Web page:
The reason for this is that once the dog is retired, they are no longer considered military dogs, and therefore, they are not legally allowed to be transported on military aircraft.

History of legislation

Dogs used in World War II were brought home following their service and returned to their owners or newly adopted ones. The Vietnam War changed everything, with dogs classified as expendable equipment. Many of the dogs in that war were either euthanized or left behind by the U.S. military.

That all changed in 2000 when President Clinton signed into law a bill known as “Robby’s Law,” which enabled these warrior dogs to be adopted once their service to our country was over. But the fight was still not over because not all dogs were given a ride home at the end of their service.

The 2014 National Defense Authorization Act (NDAA) authorized the transfer of a retiring military working dog if no suitable adopter was available at the military facility where the dog is located, but one simple word prevented this from being a certainty. The bill said that the dog “may transfer,” rather than they “shall transfer.”

In 2014, American Humane Association paid for the transportation home of 21 military dogs, helping to reunite them with their former handlers.

In July of last year, American Humane Association traveled to Capitol Hill to address with members of Congress and the national media about the importance of bringing home all military dogs and giving their human handlers the first right at adoption.

This past spring, American Humane Association returned to Capitol Hill with two reunited K-9 Battle Buddy teams – Marines Lance Corporal Jeff DeYoung and MWD Cena and Army Specialist Brent Grommet and MWD Matty – to meet with members of Congress, Senators, and their staff about adding the all-important word “shall” to the 2016 NDAA.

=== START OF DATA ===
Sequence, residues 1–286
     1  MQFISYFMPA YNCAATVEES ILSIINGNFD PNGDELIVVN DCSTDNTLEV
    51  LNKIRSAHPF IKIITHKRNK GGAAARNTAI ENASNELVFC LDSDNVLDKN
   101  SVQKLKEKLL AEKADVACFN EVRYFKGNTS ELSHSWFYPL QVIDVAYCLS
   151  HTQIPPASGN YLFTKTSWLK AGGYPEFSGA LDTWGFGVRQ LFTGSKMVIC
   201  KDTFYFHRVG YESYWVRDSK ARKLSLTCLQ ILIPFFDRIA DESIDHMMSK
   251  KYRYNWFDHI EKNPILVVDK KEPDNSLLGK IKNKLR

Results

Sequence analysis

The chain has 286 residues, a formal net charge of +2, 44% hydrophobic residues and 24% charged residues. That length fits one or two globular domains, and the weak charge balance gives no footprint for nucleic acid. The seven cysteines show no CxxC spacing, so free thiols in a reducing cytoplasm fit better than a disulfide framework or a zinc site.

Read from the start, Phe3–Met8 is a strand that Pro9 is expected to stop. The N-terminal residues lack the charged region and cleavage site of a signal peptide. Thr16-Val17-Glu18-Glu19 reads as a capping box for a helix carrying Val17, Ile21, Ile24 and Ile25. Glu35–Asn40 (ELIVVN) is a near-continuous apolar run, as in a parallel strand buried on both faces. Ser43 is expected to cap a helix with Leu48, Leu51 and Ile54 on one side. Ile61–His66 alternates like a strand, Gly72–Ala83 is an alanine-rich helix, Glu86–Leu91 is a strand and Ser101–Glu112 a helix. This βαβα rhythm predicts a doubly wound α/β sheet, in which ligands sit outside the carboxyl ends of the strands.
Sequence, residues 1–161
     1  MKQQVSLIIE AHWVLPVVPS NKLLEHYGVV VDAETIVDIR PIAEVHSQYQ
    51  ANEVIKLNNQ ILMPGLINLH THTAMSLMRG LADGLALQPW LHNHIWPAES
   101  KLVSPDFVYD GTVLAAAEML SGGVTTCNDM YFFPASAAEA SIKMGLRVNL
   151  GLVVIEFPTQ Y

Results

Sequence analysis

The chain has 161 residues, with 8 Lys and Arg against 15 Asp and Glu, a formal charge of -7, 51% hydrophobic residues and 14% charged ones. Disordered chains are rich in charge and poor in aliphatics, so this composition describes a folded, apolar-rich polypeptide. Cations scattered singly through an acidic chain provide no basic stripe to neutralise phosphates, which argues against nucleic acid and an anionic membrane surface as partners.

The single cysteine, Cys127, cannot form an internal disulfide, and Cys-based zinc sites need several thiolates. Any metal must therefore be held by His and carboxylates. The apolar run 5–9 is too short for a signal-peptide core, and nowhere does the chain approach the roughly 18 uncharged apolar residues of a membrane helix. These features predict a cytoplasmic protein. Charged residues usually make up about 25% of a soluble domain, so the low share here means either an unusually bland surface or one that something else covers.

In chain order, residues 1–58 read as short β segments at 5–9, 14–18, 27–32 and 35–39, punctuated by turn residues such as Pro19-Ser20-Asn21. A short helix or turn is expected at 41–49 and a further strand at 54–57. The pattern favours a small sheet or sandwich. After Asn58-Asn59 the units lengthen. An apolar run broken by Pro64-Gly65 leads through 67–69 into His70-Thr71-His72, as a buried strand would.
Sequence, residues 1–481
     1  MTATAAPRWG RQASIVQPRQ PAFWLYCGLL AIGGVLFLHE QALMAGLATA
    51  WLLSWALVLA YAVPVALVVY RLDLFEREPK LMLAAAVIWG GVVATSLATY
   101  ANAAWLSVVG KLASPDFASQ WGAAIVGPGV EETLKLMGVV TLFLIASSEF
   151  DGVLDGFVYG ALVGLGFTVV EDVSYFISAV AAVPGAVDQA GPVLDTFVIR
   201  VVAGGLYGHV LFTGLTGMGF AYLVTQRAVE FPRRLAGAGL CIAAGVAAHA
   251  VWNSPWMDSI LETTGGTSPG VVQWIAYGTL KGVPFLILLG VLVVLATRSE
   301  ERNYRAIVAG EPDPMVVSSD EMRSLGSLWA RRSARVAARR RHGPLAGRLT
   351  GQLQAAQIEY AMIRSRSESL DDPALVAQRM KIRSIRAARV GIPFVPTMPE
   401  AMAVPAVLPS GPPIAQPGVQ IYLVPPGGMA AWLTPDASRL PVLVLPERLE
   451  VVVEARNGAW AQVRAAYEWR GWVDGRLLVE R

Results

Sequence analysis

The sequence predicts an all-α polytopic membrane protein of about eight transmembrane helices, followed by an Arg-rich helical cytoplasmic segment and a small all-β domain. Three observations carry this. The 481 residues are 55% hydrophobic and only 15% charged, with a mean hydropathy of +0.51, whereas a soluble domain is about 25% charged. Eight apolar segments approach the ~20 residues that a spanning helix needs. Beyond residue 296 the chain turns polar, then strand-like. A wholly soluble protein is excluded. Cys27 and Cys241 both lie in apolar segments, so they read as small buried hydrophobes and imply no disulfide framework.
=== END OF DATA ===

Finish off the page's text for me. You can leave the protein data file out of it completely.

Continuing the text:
Congressman Frank LoBiondo (R-NJ) and Senator Claire McCaskill (D-MO) introduced this language supported by American Humane Association into the House and Senate versions of the NDAA, and both were passed with bipartisan support in early summer. Following a lengthy period in which the 2016 NDAA went through committee, it was passed again by the House and Senate in early October 2015. The bill was vetoed by President Obama, however, for budget reason having nothing to do with the military dog language.

Both the House and Senate passed a new version of the 2016 NDAA in early November with a reduction in spending, but the language for military dogs still remained. And finally, President Obama signed it into law.

There are so many people to thank for making this possible. Thank you to the President and all the members of Congress who we met with and who supported this vital breakthrough, including military dog advocates Congressman LoBiondo and Senator McCaskill.

And thank you for all you did to make this possible. Our supporters sent letters to their representatives on the Hill to tell them to vote for this important bill. You supported our efforts last year as we reunited those 21 brave K-9 Battle Buddy teams. You were there for us every step of the way.

Mostly importantly, we thank these brave heroes for serving our country, and we are grateful that every one will finally get the retirement they deserve with those who care for them most.